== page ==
I hope I have answered your questions. Keep in mind that I only get credit for my work if you rate me positively. If you're satisfied with my answer and my professionalism - not the outcome or the state of the law which I cannot control - please select a top-three rating. Again, if you feel the need to use "poor service" or "bad service," please ask follow-up questions instead, so that I can try to help you further. Remember that the bottom two negative ratings are used for Experts or professionals who are rude and/or bad at their job, and I'm confident you'll find me to be professional and truthful with you.

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Thank you!

Customer: replied 1 year ago.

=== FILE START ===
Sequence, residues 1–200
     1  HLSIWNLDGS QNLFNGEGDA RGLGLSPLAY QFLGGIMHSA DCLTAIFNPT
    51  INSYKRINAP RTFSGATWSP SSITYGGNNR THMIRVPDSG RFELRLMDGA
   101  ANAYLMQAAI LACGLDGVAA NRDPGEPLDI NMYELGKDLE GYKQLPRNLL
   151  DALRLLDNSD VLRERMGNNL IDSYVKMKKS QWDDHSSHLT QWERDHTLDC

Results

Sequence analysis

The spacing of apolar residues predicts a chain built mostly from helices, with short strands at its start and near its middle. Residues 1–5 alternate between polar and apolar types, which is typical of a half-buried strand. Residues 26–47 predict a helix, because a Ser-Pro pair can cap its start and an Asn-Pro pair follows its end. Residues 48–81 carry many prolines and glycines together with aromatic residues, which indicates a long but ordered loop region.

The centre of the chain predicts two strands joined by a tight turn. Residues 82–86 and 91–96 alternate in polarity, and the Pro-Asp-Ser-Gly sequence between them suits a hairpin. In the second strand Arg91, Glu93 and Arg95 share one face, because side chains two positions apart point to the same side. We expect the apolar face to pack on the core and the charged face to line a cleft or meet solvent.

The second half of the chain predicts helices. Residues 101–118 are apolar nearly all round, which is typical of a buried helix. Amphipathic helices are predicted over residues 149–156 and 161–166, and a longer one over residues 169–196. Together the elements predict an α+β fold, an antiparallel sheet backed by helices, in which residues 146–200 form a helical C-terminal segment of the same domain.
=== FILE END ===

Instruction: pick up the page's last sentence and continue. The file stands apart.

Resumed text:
Thank you for your honesty. I am 50 years old and he is 55...so we are not rash people. If I were to marry anyone it would be him, there have been so many obligations over the last 5 years that have kept us apart...his mom was a huge responsibility, and the first chance in all these years came up when she was taken into care, just this weekend she passed away so he has no obligations to stay in England any longer, and although it has not been our plan for him to come here and marry me, there is a greater opportunity now that he is free. I just wanted to know if that is the case, if he comes here and we feel that we want to spend this second half of our life together and DO decide to marry you are saying he would have to go back to england and we would have to do all of the paperwork to have him brought back as my spouse, and if we dont marry now, we would have to get a k-1 and he would have to come back a second time and marry, and then still have to do more paper work in order to stay?